1. The USPSTF reviews topics that focus only on asymptomatic populations and services provided in (or referable from) primary care and makes its recommendations by following a transparent set of methodologic processes. The USPSTF concluded that, “the current evidence is insufficient to assess the balance of benefits and harms of screening for ASD in young children for whom no concerns of ASD have been raised by their parents or a clinician” and has given the recommendation an I grade. The I grade stems from the small size and variable quality of intervention studies and from a lack of direct evidence that screening leads to clinical improvement...

    Some critics of the USPSTF’s decision have argued that accumulating direct evidence that accounts for all the complexities around diagnostic confirmation and engagement with treatment is prohibitively expensive and not feasible. While it is important to recognize the challenges involved with accumulating such evidence, the complexity of a clinical problem is no justification for adjusting the USPSTF’s standards for a positive recommendation.

    Rather, consistent with the intent of an I statement, the current USPSTF report is an opportunity to motivate better, more relevant research. Here, the evolution of the USPSTF’s report on adult depression provides an instructive example of how that can happen. The USPSTF currently endorses depression screening when systems (previously termed “depression care supports”) are in place to ensure accurate diagnosis, effective treatment, and follow-up. In its now archived 2009 statement, the USPSTF had accompanied this endorsement with an explicit recommendation against universal depression screening in the absence of such supports. As with ASD, depression is fraught with issues of diagnostic subjectivity, comorbidities, cultural nuances, and difficulties with engagement. By analyzing the highest level of direct evidence for depression screening, the USPSTF was able to determine a critical set of circumstances under which the practice leads to better outcomes. Today, depression care supports have become so “much more widely available and accepted as part of mental health care," that the USPSTF was able to omit its comment on what to do when these supports are absent. A similar evolution can occur for ASD screening; in fact, the National Institute of Mental Health is currently supporting 5 large-scale studies on early identification of ASD and linkage to services, designed to address overarching questions encompassing universal screening, expedited diagnosis, and engagement with treatment. Such initiatives are a promising step in discerning the direct relationship of ASD screening to clinical outcomes

    Michael Silverstein, Jenny Radesky. Embrace the Complexity. The US Preventive Services Task Force Recommendation on Screening for Autism Spectrum Disorder. JAMA. 2016;315(7):661-662.


  2. By the typical USPSTF definition, people undergoing screening have neither current signs nor symptoms. Confirmatory testing to establish diagnosis follows positive screening. Ideally, with definitive treatment, symptoms of the underlying diagnosis itself never occur. In the classic example, mammography detects a suspicious lesion, biopsy diagnoses ductal carcinoma, and surgery removes the cancer before it can spread.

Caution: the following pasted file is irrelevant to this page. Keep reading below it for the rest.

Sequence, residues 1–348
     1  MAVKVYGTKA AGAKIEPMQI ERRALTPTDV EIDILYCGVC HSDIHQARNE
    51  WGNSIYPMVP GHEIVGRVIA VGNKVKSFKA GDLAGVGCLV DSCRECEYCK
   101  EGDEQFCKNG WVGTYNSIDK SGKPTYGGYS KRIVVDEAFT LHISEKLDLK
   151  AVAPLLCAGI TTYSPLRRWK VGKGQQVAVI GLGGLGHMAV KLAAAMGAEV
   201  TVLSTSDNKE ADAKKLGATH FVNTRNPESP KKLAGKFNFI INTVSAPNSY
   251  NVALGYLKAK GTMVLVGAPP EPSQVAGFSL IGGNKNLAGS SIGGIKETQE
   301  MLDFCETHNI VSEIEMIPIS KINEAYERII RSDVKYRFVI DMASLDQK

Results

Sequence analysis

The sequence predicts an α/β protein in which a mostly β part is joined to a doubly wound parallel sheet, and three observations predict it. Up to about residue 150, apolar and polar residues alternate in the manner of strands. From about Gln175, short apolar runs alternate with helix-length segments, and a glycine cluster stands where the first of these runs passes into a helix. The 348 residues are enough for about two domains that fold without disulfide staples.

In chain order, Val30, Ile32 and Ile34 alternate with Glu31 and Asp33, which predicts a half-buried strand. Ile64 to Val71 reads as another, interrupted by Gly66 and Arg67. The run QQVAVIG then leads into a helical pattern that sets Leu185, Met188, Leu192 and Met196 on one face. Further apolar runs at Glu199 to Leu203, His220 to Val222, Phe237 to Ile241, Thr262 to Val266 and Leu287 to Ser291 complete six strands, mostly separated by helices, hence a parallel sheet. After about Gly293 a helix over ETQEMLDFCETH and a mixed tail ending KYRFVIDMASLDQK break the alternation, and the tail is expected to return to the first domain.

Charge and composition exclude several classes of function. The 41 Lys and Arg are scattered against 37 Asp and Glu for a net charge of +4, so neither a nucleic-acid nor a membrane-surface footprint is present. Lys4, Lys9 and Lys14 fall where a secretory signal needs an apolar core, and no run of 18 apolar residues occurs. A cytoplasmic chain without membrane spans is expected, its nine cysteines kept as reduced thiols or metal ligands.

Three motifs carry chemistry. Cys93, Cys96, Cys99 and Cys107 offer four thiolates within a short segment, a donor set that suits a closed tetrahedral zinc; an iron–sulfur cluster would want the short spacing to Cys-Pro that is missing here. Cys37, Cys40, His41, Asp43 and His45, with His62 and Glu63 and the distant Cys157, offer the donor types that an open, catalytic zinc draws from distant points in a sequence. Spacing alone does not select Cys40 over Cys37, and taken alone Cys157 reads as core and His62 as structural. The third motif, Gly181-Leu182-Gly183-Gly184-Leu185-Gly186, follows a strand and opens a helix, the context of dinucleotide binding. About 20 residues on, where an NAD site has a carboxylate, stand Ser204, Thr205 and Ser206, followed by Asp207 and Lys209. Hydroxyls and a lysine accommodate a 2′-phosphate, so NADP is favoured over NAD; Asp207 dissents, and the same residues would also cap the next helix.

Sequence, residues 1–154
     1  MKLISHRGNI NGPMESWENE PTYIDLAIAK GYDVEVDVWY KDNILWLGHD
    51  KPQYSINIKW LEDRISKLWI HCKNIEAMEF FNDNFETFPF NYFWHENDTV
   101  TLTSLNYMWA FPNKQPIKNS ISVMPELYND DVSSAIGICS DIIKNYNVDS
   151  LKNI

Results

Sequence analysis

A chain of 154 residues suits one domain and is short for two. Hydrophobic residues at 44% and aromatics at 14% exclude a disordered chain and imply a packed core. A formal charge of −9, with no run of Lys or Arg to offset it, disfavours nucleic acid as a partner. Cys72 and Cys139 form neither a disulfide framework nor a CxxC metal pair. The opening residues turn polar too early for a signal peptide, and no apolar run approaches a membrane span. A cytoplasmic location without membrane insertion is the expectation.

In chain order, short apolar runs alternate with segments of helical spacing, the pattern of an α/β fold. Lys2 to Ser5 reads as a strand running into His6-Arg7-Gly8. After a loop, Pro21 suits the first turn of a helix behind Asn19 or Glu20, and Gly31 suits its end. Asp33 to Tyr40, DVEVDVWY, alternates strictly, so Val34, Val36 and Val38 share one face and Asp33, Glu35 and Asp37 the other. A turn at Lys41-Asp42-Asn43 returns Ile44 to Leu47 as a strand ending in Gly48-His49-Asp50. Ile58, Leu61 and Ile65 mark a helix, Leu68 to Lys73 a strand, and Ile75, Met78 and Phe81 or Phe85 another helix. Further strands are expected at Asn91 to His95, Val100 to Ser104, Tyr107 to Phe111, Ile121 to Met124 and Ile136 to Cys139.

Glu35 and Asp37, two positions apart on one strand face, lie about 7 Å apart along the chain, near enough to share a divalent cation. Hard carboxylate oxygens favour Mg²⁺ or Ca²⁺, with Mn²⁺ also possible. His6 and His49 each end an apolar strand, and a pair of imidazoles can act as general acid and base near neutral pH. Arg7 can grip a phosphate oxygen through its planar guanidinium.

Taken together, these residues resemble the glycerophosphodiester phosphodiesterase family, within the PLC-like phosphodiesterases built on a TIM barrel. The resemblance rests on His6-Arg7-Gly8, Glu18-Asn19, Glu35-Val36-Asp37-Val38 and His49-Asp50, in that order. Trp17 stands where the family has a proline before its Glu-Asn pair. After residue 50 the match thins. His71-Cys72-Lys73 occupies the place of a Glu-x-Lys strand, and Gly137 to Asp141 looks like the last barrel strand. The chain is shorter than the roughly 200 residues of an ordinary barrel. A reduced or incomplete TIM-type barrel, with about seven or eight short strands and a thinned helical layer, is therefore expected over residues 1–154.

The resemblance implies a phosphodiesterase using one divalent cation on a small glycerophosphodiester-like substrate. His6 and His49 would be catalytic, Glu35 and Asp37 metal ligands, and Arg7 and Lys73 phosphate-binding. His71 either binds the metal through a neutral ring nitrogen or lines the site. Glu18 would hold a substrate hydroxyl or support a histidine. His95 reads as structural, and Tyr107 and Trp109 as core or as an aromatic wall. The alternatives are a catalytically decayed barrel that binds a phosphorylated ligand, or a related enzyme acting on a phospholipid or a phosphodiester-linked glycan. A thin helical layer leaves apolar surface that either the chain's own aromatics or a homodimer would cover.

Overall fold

Unlike cancer, a child cannot have ASD without having symptoms. It is not a disease that can be detected by x-ray or blood test. Autism spectrum disorder is a neurodevelopmental diagnosis based entirely upon behavioral symptoms. The autism “screening” evaluated by the USPSTF simply means eliciting symptoms in a systematic way prior to referral for definitive evaluation. Perhaps because of this mismatch, their description of the “asymptomatic” group includes children “for whom no concerns of ASD have been raised….” This means, unlike in other areas they have evaluated, the children being “screened” do have symptoms...

    This non-recommendation is most jarring when juxtaposed against the decision that the guideline should not apply to children when the health care professionals have concerns about ASD. These concerns would most likely emerge from eliciting a history of relevant developmental symptoms in some nonsystematic way. Thus, by excluding cases with existing “concerns” from their evaluation, the USPSTF inadvertently favors nonsystematic over systematic assessment of potential ASD symptoms in this age range. This flaw in logic suggests that the USPSTF’s methods are simply not appropriate for measures that elicit symptoms that are already a focus within primary care visits...

    Unfortunately, a system that encourages clinicians to only elicit ASD symptoms when they or the parents have “concerns” naturally reinforces the biases that are already evident in ASD diagnosis. Children from affluent, well-educated families are currently diagnosed at a considerably younger age. This is followed by better access to treatment in already privileged communities. By ignoring the advantages of eliciting symptoms systematically, we would likely be compounding health disparities.

    We hope that the USPSTF statement does not trigger a step backward to later diagnosis, later treatment, and more disparity in services for children with ASD. Clinicians, families, and health care funders should instead recognize that ASD “screening” simply does not fit within the rigid USPSTF box. Early data in single studies suggest that it may someday be possible to detect ASD risk before symptoms emerge, via blood tests or eye tracking. These sorts of measures, which would actually fit the USPSTF definition of screening, are likely still a decade away from clinical implementation. Until then, we hope that pediatricians continue the push for systematic assessment of autism symptoms in young children and avoid relying exclusively on a clinical hunch or parental concern.

    Jeremy Veenstra-VanderWeele, Kelly McGuire. Rigid, Inflexible Approach Results in No Recommendation for Autism Screening. JAMA Psychiatry. Published online February 16, 2016. doi:10.1001/jamapsychiatry.2016.0143